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Do Chinese investors trust expanded audit reports?

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The global financial crisis of 2007–2009 prompted calls for greater transparency in auditing processes, and since 2013, the auditors of UK-listed companies have been required to highlight key audit matters or KAMs. However, according to a paper by SMU researchers, there has been 'mixed evidence' regarding the impact of the regulation and whether investors find such disclosures useful.

SMU Associate Professors of Accounting, Goh Beng Wee and Jimmy Lee, along with co-researchers from Tsinghua University and the Central University of Finance and Economics in China, consequently decided to examine the impact of expanded audit reports on investors in a 'large and important emerging economy', namely China.

At the end of 2016, the Chinese Institute of Chartered Public Accountants (CICPA) brought in a new auditing standard, similar to its international counterpart, which requires auditors to disclose KAMs in audit reports.

The new standard was implemented in two stages: 'AH-share firms' which are listed on in both Mainland China and Hong Kong from 2017; and all other firms in Mainland China ('A-share firms') from 2018.

"Early studies failed to reveal significant findings, so I turned my attention to look at it from a developing country's perspective," Professor Goh said in an interview with the Office of Research. "I thought perhaps one of the main reasons why these studies couldn't find significant results could be the fact that these markets are already very developed, so investors may not find incremental information from what was said in the audit report."

KAM(paign) for information

In examining the impact of KAM disclosures in China, Professor Goh said the researchers did find significant results. "This is one of the key differences between my study and the prior studies in the developed markets."

He explained that KAMs are accounting issues that the auditor thinks will increase the risk of financial misstatements. "It can be revenue recognition, asset depreciation, goodwill, inventory, anything. So long as the auditors see this as heightening the risk of financial misstatement, they have the responsibility to set out the issue in the audit report."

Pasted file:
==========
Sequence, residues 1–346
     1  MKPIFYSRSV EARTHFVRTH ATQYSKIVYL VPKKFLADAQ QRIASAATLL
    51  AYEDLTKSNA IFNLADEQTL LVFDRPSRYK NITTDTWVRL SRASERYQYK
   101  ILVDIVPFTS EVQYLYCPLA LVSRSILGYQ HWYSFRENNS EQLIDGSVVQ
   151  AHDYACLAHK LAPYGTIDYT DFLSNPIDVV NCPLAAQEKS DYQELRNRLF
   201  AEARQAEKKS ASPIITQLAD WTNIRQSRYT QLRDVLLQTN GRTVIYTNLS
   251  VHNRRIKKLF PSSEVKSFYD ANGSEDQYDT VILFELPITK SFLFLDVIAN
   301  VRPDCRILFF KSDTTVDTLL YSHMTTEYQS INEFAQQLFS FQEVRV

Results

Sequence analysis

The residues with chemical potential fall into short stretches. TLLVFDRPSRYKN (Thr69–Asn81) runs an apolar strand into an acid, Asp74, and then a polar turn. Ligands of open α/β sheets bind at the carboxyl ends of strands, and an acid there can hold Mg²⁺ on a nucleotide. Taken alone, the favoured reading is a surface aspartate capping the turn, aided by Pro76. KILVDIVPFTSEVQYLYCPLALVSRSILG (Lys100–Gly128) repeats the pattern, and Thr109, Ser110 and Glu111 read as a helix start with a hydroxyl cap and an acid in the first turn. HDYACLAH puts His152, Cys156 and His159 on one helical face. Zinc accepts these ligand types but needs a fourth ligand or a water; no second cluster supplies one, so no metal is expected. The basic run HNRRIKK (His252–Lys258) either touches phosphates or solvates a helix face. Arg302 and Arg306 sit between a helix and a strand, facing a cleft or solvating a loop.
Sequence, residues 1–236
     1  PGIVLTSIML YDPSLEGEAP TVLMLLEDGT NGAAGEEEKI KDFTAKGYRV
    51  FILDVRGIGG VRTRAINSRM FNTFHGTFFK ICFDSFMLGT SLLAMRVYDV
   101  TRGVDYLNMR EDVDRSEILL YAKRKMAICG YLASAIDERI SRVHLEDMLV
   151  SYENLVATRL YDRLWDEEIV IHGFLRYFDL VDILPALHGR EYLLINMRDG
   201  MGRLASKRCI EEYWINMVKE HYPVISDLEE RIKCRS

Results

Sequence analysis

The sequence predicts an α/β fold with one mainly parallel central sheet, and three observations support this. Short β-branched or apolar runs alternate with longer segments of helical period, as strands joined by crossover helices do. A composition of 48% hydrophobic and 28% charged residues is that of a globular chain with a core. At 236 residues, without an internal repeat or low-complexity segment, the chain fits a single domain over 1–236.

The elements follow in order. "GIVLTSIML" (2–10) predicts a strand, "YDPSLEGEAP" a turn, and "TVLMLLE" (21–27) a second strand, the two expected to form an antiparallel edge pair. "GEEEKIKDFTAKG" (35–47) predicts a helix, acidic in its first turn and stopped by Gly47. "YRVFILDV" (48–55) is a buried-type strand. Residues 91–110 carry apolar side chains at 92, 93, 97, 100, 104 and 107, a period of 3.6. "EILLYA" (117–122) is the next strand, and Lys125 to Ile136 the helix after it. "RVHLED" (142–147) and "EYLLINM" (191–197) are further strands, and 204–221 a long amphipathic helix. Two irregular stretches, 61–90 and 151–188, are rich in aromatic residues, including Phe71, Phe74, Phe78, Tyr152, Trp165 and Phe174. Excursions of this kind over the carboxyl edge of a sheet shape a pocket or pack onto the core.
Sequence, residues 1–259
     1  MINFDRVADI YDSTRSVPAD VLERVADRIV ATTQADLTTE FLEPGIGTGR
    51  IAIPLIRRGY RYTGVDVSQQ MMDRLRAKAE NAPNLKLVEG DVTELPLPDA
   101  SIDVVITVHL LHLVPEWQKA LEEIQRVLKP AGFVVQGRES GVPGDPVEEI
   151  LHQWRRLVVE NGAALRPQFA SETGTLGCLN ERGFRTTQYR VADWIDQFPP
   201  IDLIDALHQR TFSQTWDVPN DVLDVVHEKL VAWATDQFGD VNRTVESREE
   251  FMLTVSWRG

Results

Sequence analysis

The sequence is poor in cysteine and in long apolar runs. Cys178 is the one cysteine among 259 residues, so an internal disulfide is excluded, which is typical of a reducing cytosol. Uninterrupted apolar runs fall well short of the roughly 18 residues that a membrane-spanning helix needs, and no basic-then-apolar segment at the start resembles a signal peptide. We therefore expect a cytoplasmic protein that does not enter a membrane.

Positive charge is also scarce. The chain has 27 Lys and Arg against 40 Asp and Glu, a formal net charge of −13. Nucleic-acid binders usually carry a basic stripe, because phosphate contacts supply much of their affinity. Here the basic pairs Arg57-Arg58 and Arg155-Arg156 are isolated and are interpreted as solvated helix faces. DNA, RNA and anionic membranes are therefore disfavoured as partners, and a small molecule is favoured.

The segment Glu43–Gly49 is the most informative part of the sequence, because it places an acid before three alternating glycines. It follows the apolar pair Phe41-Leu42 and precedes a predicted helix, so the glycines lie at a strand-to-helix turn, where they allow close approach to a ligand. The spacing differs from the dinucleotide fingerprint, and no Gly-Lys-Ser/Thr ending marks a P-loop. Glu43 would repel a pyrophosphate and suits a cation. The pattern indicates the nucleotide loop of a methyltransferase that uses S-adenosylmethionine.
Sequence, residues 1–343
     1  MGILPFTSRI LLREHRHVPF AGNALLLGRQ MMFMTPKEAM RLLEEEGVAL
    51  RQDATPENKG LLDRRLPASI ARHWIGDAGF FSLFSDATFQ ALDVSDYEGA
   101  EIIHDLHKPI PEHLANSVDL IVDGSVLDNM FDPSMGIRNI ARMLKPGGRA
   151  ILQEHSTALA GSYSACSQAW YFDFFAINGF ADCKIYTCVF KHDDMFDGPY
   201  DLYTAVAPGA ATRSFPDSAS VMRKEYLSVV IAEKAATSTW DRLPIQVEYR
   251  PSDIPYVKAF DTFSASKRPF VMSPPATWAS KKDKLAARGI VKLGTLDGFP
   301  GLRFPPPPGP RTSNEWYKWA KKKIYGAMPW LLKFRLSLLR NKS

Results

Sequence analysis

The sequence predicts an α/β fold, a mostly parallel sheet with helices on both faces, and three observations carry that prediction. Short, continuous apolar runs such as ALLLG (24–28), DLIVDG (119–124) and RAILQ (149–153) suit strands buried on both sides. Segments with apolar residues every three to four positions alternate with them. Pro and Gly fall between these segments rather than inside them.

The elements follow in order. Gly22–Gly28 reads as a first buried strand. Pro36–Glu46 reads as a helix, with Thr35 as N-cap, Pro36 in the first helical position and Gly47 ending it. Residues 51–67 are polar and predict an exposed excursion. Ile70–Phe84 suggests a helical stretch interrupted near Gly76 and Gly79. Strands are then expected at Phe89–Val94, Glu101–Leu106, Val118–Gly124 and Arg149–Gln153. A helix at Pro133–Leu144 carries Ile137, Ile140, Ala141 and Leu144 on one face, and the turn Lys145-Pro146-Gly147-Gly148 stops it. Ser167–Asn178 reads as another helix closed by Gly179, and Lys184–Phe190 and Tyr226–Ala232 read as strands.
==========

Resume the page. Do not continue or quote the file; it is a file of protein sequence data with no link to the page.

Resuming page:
The study, titled "Informativeness of Key Audit Matters: Evidence from China," states that while additional auditing information could mitigate investors' concerns, especially as there is 'limited firm-level reporting and lack of alternative sources of information' in China where the media are state controlled and censored, investors 'could become more suspicious about the quality of a firm's financial reporting.'

"That's the tension we introduce in the paper," Professor Goh said. "Information is not so readily available, but auditors are not as credible in the Chinese market, so this could lead investors to wonder whether they can be trusted."

He said the study had used three measures to analyze the impact of expanded audit reports: namely trading volumes, earnings response coefficients, and stock price synchronicity.

In essence, credible earnings should result in a stronger market reaction. "If the information is not useful to investors, we would not expect any stock market reaction. That's the presumption."

The study compared the periods before and after the introduction of the new auditing standard in China. Professor Goh said they found significant results for all three measures, but did not find any for another measure, that of abnormal returns. Although the researchers did not elaborate on this, they decided to include it nevertheless in the paper 'for completeness.'

"A pre-post research design is not as rigorous as difference-in-differences analysis, but we did use DID for robustness and we found robust results with it."

The study, which has been published online by The Auditing Journal of Theory and Practice, also found that expanded audit reports 'are more informative for non-SOEs (state-owned enterprises), smaller firms, and firms that have a smaller analyst following.'

The paper concludes, "Our findings may also be generalizable to other large developing economies with weak institutions and a strong SOE presence, such as Brazil, India and Russia."

Professor Goh said that while investors in developed markets may not find extended reports useful "because the information environment is already very good," their study, although focused on China, "can also apply to other emerging economies that similarly have a poor information environment. So investors would tend to value such disclosures more, as compared to their counterparts in the developed markets."

More information: Beng Wee Goh et al, Informativeness of Key Audit Matters: Evidence from China, Auditing: A Journal of Practice & Theory (2023). DOI: 10.2308/AJPT-2020-099

Citation: Do Chinese investors trust expanded audit reports? (2024, May 31) retrieved 14 July 2024 from
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